The interest rate structure of a pensioner bank account can also be different. For example, you may have a tiered structure, such as 0.25% p.a. for balances less than $50,000 and 0.50% p.a. for balances over $50,000. This means the more money sitting in your account, the more interest you’ll earn. Notably, pensioner bank accounts can often come with lower interest rates than your standard bank account, which could be a turn-off.

              Who offers pensioner accounts?

              There are a number of banks that offer pensioner bank accounts. The big four banks also offer pensioner/ seniors savings accounts, or products/services specifically for older Australians. For example, while ANZ doesn’t specifically offer a ‘seniors savings account’, customers over 60 years old can have their monthly account service fee waived on one nominated ANZ Access Advantage account. On the other hand, Westpac offers a ‘Westpac 55+ and Retired’ everyday account for retirees who are over 55 years old.

              As you may have gathered, pensioner savings accounts can vary from bank to bank. It’s best to check in with your specific bank or do some research to find an account that suits your preferences.

              Pros and cons of pensioner bank accounts

              There are some considerations to make before opening a savings account specifically tailored to seniors or pensioners.

              Pros

              • Flexibility: You don’t need to stress about transferring money from one account to another, or making sure you have enough money in your transaction account for bills to automatically come out. All your money is in one place, easily accessible, which can make life easier.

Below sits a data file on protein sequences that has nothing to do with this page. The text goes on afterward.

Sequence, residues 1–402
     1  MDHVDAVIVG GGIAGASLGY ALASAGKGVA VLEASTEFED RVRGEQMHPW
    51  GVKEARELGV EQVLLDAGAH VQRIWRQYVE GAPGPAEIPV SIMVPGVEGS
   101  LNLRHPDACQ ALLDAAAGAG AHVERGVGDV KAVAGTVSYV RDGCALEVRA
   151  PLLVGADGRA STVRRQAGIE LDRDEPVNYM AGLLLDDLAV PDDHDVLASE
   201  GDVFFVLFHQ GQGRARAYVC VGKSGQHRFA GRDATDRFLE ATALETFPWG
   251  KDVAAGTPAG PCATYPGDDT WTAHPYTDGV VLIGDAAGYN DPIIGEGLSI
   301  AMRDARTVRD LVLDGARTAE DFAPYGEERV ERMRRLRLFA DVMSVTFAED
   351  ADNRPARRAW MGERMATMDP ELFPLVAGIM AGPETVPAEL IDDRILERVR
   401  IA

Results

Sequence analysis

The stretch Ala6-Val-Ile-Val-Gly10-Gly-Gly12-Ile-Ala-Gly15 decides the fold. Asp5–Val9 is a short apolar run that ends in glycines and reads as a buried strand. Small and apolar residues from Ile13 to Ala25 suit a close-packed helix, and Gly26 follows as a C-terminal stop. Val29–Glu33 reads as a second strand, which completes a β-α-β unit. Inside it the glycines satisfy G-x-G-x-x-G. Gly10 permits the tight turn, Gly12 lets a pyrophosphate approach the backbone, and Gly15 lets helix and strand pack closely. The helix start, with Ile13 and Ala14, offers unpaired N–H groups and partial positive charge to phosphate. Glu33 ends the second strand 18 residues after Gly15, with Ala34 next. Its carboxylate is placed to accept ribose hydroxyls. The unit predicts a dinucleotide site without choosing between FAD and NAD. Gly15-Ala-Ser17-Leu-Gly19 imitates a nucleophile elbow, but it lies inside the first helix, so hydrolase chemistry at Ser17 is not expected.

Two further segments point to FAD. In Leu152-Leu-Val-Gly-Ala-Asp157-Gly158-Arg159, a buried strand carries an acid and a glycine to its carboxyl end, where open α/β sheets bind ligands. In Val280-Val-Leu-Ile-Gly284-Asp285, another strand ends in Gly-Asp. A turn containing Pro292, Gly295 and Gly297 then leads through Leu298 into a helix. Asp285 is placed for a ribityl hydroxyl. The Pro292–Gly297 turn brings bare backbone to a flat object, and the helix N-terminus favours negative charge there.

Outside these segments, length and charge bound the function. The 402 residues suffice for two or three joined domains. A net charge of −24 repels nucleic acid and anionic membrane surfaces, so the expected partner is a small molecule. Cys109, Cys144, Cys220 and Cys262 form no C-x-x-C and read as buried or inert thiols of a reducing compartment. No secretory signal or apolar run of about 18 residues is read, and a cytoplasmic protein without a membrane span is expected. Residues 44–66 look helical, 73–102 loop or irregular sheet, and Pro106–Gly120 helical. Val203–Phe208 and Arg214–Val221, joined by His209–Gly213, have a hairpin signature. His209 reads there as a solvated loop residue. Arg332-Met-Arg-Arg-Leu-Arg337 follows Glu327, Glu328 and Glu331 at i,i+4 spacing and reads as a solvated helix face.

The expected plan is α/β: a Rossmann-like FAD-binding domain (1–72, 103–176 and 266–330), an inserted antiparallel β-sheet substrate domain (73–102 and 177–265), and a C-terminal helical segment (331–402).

• Waived fees: Some banks waive any account keeping fees if you’re opening a pensioner or seniors bank account. Be sure to check with your bank to see if this applies.

              • Earn interest: If you don’t want the hassle of constantly setting up term deposits to earn interest, having your money sitting in a pensioner bank account can be helpful. While it may not be as much interest as you could find elsewhere, you won’t need to stress about moving money around or keeping track of term deposit end dates.

              Cons

              • Less choice: While the big four banks and a number of other banks offer pensioner bank accounts (or at least pensioner-geared products), not every single bank does. You may find your current bank doesn’t offer a seniors bank account. Be sure to do your research to find a suitable bank account for you, or if sticking to your regular bank account works best.

              • Lower interest rate: Due to the nature of pensioner bank accounts, they don’t typically offer bonus interest. Bonus interest can be earned on certain bank accounts when you make a certain number of transactions each month and/or increase your bank balance by $XX.


              Image by SK on Unsplash

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              author-avatar
              Rachel is a Finance Journalist, and joined Savings in 2021. Coming from a background in the FinTech space, her interests include the innovation of lending technology, property, investing, and more. With a passion for educating and informing people about their finances, she hopes to increase the financial literacy of everyday Australians.